Segmentation of Mexican-Heritage Immigrants

Acculturation Typology and Language Preference in Health Information Seeking

Young Ju Shin, Gerardo Maupome

Research output: Contribution to journalArticle

2 Citations (Scopus)

Abstract

With the fast growing number of Mexican immigrants in the United States, more attention is needed to understand the relationship between acculturation and language preference in health information seeking. Latent class analysis provides one useful approach to understanding the diversity in sample of Mexican immigrants (N = 238). Based on 13 linguistic, psychological and behavioral indicators for acculturation, four discrete subgroups were characterized: (1) Less acculturated, (2) Moderately acculturated, (3) Highly acculturated, (4) Selectively bicultural. A Chi-square test revealed that three sub-groups were significantly different in language preference when seeking health information. Less acculturated and moderately acculturated groups sought health information in Spanish, whereas the highly acculturated group preferred English for health information. Selectively bicultural group preferred bilingual health information. Implications for health campaign strategies using audience segmentation are discussed.

Original languageEnglish (US)
Pages (from-to)1-11
Number of pages11
JournalJournal of Immigrant and Minority Health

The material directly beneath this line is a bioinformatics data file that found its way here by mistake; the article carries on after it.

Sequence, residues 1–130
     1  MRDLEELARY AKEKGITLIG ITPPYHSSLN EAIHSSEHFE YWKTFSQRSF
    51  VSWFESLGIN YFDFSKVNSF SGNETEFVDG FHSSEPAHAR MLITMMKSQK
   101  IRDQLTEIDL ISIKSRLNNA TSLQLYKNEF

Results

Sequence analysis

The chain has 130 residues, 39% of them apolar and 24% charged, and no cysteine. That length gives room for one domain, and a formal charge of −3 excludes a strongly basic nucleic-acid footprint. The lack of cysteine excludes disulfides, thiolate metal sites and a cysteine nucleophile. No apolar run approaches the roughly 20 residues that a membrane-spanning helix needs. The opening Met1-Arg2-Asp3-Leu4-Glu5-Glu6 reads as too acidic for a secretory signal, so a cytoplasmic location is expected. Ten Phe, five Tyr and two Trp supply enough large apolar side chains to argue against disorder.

DOIs
StateAccepted/In press - Mar 19 2016

Fingerprint

Acculturation
Language
Health
Chi-Square Distribution
Linguistics
Health Promotion
Psychology

Keywords

  • Acculturation
  • Audience segmentation
  • Health information seeking
  • Latent class analysis
  • Mexican immigrants

ASJC Scopus subject areas

  • Epidemiology
  • Public Health, Environmental and Occupational Health

Cite this

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abstract = "With the fast growing number of Mexican immigrants in the United States, more attention is needed to understand the relationship between acculturation and language preference in health information seeking. Latent class analysis provides one useful approach to understanding the diversity in sample of Mexican immigrants (N = 238). Based on 13 linguistic, psychological and behavioral indicators for acculturation, four discrete subgroups were characterized: (1) Less acculturated, (2) Moderately acculturated, (3) Highly acculturated, (4) Selectively bicultural. A Chi-square test revealed that three sub-groups were significantly different in language preference when seeking health information. Less acculturated and moderately acculturated groups sought health information in Spanish, whereas the highly acculturated group preferred English for health information. Selectively bicultural group preferred bilingual health information. Implications for health campaign strategies using audience segmentation are discussed.",
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